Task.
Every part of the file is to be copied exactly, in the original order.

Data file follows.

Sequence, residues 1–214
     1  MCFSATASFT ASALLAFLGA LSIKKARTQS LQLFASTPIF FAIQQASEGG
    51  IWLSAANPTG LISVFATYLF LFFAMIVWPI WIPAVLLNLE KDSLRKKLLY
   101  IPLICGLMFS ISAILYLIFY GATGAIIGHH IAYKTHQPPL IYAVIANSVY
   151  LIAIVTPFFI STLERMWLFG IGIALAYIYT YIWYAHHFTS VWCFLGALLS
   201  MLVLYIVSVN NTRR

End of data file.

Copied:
Sequence, residues 1–214
     1  MCFSATASFT ASALLAFLGA LSIKKARTQS LQLFASTPIF FAIQQASEGG
    51  IWLSAANPTG LISVFATYLF LFFAMIVWPI WIPAVLLNLE KDSLRKKLLY
   101  IPLICGLMFS ISAILYLIFY GATGAIIGHH IAYKTHQPPL IYAVIANSVY
   151  LIAIVTPFFI STLERMWLFG IGIALAYIYT YIWYAHHFTS VWCFLGALLS
   201  MLVLYIVSVN NTRR